Review of The Journalistic Javelin: An Illustrated History of the Bulletin by Patricia Wolfe, and The Bulletin 29 January 1980 (Centenary issue).
Histories of the Bulletin by journalists associated with the paper during its century of survival, or continual reincarnation, have their own history by now. When founding editor J. F. Archibald left and established the Lone Hand, he began in the new magazine a projected series of articles on the Bulletin which was abruptly terminated. After the second world war, William Fitz Henry's accounts of its early decades appeared in various anniversary issues. Douglas Stewart began his 1977 Boyer lectures with the founding of the paper. At least two other staffers have been compiling their histories: and more personal and fragmentary reminiscences have been provided, most notably by Norman Lindsay whose association lasted sixty years. The wealth of legends and anecdotes that has accumulated over a century, the opportunity for evoking a more colourful, and youthful, past have made the paper's history good 'copy', and a frequent subject for hurriedly thrown together pieces, at least as far back as Henry Lawson's manuscript intended for an English audience. Yet the basic, if less colourful, history of changes in proprietorship, editors and policy, in stall"and contributors, in circulation and presumed readership have not been readily available until now.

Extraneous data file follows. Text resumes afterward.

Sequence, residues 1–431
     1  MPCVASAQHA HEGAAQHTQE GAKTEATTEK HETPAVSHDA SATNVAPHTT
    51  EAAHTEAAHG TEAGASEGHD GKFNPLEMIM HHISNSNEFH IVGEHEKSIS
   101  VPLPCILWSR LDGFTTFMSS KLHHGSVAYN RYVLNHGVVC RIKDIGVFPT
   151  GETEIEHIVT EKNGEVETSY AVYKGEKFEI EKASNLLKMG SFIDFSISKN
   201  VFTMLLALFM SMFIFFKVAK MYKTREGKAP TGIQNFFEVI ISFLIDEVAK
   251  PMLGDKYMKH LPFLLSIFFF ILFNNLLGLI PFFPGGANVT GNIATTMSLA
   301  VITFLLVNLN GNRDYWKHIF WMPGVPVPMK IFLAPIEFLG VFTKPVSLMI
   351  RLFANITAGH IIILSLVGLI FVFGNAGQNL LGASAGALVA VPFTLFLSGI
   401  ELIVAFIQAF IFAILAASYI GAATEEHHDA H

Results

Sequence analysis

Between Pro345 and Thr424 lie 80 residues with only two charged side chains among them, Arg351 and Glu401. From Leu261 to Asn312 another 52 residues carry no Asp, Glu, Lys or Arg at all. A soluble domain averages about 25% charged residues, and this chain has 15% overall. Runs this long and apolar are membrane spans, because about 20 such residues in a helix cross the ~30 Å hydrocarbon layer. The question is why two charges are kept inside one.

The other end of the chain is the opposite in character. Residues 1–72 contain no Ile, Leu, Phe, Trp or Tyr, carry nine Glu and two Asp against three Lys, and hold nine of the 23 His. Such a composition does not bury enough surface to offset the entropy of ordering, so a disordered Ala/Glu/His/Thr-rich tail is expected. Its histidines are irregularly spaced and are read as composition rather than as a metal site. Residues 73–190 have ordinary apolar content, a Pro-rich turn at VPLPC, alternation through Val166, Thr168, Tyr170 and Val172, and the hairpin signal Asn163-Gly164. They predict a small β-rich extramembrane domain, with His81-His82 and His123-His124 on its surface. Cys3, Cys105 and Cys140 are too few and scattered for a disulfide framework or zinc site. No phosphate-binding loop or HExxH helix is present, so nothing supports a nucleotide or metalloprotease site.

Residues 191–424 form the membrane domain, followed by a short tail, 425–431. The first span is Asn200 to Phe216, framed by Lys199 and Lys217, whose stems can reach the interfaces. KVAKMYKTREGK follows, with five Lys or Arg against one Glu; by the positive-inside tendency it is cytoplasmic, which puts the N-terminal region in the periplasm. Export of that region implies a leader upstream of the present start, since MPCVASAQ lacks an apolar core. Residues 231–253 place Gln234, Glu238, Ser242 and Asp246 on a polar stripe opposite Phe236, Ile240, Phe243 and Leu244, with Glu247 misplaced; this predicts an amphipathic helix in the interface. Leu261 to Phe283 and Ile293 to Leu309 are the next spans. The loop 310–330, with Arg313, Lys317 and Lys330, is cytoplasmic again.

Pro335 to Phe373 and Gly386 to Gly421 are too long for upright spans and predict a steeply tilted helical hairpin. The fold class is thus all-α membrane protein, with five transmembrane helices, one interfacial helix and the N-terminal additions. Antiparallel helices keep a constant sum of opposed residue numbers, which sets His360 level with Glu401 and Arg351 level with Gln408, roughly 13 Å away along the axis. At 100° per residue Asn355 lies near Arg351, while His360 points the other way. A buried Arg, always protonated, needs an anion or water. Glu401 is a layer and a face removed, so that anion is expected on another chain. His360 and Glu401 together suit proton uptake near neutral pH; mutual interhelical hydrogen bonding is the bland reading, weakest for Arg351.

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Cite as: Kiernan, Brian. ‘Review of The Journalistic Javelin: An Illustrated History of the Bulletin by Patricia Wolfe, and The Bulletin 29 January 1980 (Centenary issue)..’ Australian Literary Studies, vol. 9, no. 4, 1980, doi: 10.20314/als.622ae53c10.